My Travels, Tokyo — June 3, 2012 at 5:16 PM

Kaifuku-ji Temple: Founded by Priest Ingen in 1658!

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Kaifuku-ji Temple: Founded by Priest Ingen in 1658!, a set on Flickr.

Kaifuku-ji Temple was founded by a Chinese priest Ingen in 1658. It was built in Fukagawa of Koto Ward but was transferred to the current site in 1910. This temple belongs to the Obaku-sect of Buddhism and was the only sect which was spread by the Chinese Buddhist priest Ingen.
The Yotsuashi Gate (four-legged gate) derives its name from the two parent poles in the middle of the gate and the two supporting pillars which are located before and behind them. It is famous for being a representative of Japanese gate-building of the Edo period.
In 1807 when Tomioka Hachiman Festival was held at Fukagawa, the Eitai Bridge over the Sumida River collapsed and more than 1,400 people died. A monument was built to mourn the victims and can be found to the left front of the mountain gate in Kaifuku-ji temple.
The bell located inside the temple premises was forged in 1683 by Masatsugu Fujiwara who modeled an old Japanese bell while adopting Chinese forging style.To the left of the bell you will see a nine storied stone tower which was said to be placed at Shingen Takeda’s mansion.

Priest Ingen

Ingen Ryūki (Chinese 隱元隆琦) (Fuqing, Fujian, 1592 – Uji, 1673) was a Chinese Linji Chán Buddhist monk, poet, and calligrapher.
Ingen’s father disappeared when he was five. At age 20, while searching for him, Ingen arrived at Mount Putuo off Zhejiang province, where he served tea to monks. At 28, after the death of his mother, he was ordained as a monk at his family temple – Wanfu Temple, Mount Huangbo, Fujian. Ingen’s teachers there were Miyun Yuanwu and Feiyin Tongrong. In 1633 he received dharma transmission from the latter, and in 1637 served his first term as abbot. His second term as 33rd abbot of the temple began in 1646 and at this time he is credited with helping Mount Huangbo to develop in to a thriving Buddhist centre. In 1654, after repeated requests of Itsunen Shoyu, he went to Nagasaki, Japan with around 30 monks and artisans, including his disciple Muyan. He founded the Ōbaku sect. He established the Ōbaku head temple Manpuku-ji at Uji in 1661.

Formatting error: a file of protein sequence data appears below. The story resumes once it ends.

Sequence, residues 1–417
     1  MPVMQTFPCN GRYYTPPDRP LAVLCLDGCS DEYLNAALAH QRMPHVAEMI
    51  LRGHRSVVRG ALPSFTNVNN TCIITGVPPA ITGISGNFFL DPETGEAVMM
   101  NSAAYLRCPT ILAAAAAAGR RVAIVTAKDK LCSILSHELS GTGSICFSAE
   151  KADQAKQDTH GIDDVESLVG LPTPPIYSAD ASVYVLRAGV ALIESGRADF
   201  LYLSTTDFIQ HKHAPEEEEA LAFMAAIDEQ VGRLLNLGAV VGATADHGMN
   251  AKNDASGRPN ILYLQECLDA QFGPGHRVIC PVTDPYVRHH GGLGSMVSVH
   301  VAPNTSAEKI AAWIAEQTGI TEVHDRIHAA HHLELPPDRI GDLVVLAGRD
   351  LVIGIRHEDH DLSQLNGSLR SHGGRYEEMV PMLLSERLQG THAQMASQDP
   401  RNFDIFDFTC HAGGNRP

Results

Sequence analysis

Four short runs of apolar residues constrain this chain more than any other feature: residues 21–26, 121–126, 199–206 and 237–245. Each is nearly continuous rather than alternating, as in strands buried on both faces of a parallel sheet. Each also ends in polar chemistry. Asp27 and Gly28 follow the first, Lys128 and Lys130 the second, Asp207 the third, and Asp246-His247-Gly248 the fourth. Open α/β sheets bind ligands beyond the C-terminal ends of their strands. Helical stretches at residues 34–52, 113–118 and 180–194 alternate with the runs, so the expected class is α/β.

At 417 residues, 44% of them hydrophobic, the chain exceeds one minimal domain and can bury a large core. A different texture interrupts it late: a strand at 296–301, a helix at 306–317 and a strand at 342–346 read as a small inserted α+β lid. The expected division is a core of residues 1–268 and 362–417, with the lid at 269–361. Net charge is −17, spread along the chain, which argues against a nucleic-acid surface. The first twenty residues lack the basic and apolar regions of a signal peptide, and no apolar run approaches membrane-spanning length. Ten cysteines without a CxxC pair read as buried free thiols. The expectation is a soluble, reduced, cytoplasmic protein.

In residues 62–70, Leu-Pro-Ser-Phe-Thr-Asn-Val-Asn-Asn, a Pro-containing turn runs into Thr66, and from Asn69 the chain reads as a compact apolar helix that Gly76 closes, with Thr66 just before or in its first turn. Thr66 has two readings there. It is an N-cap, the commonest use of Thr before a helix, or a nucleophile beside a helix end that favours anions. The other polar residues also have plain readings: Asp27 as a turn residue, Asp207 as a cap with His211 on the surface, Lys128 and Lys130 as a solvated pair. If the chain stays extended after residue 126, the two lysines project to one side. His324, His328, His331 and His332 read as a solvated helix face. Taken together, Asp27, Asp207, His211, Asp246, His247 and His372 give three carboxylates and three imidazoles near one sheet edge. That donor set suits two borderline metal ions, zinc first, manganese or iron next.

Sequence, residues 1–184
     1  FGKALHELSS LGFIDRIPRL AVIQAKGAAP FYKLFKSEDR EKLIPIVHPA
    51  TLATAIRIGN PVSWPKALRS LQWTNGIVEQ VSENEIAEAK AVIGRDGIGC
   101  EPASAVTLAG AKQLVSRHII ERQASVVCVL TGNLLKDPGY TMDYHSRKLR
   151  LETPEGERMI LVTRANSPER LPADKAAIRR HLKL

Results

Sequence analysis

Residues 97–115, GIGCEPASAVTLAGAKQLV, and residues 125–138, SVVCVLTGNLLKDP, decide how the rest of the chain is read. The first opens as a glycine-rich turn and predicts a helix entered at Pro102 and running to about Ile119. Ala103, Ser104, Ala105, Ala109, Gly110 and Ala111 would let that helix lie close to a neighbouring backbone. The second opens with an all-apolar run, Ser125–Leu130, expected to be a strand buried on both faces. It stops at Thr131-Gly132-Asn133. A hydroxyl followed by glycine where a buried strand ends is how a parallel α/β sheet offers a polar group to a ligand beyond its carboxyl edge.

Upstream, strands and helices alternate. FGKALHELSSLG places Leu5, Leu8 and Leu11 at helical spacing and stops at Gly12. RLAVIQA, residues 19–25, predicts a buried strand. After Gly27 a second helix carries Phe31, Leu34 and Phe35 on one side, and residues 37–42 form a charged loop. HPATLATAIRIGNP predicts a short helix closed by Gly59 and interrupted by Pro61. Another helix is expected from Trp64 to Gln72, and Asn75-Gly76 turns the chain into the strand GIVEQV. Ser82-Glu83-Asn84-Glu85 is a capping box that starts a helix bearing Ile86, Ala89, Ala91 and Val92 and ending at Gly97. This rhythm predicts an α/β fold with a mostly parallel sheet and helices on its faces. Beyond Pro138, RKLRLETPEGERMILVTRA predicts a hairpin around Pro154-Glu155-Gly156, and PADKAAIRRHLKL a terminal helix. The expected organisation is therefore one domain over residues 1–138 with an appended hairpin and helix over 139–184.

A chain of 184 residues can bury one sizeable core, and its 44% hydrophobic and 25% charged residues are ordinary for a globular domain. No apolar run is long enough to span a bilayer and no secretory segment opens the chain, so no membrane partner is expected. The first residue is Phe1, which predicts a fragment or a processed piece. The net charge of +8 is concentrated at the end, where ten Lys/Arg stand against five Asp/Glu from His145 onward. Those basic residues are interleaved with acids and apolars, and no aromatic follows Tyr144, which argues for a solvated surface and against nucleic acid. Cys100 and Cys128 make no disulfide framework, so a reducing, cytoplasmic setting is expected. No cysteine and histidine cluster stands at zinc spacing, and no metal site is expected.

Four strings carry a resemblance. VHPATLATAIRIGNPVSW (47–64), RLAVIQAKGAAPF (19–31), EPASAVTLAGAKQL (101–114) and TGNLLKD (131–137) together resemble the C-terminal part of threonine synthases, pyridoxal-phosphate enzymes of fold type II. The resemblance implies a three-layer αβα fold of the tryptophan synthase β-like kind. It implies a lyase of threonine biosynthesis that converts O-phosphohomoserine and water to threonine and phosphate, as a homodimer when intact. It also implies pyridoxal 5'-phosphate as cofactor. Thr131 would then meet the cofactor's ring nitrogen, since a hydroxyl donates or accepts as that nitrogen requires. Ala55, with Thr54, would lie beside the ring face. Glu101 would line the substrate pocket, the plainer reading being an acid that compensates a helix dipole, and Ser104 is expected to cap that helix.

Ingen was also a skilled calligrapher, introducing the Ming style of calligraphy to Japan. Along with his disciples Mokuan Shōtō and Sokuhi Nyoitsu, he was one of the Ōbaku no Sanpitsu (“Three Brushes of Ōbaku”). He is known to have carried paintings by Chen Xian with him to Japan.

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